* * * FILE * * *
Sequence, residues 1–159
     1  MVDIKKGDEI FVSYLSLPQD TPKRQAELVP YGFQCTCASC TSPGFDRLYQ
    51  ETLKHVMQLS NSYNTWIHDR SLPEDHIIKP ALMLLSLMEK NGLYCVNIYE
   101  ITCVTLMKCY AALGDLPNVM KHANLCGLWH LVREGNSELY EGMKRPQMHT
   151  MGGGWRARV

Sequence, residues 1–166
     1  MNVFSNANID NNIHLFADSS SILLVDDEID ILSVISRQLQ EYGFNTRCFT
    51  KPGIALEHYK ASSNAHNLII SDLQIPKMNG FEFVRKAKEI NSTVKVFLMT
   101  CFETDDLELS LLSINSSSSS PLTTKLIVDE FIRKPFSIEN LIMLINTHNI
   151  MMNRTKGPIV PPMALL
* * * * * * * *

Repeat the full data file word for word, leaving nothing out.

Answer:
Sequence, residues 1–159
     1  MVDIKKGDEI FVSYLSLPQD TPKRQAELVP YGFQCTCASC TSPGFDRLYQ
    51  ETLKHVMQLS NSYNTWIHDR SLPEDHIIKP ALMLLSLMEK NGLYCVNIYE
   101  ITCVTLMKCY AALGDLPNVM KHANLCGLWH LVREGNSELY EGMKRPQMHT
   151  MGGGWRARV

Sequence, residues 1–166
     1  MNVFSNANID NNIHLFADSS SILLVDDEID ILSVISRQLQ EYGFNTRCFT
    51  KPGIALEHYK ASSNAHNLII SDLQIPKMNG FEFVRKAKEI NSTVKVFLMT
   101  CFETDDLELS LLSINSSSSS PLTTKLIVDE FIRKPFSIEN LIMLINTHNI
   151  MMNRTKGPIV PPMALL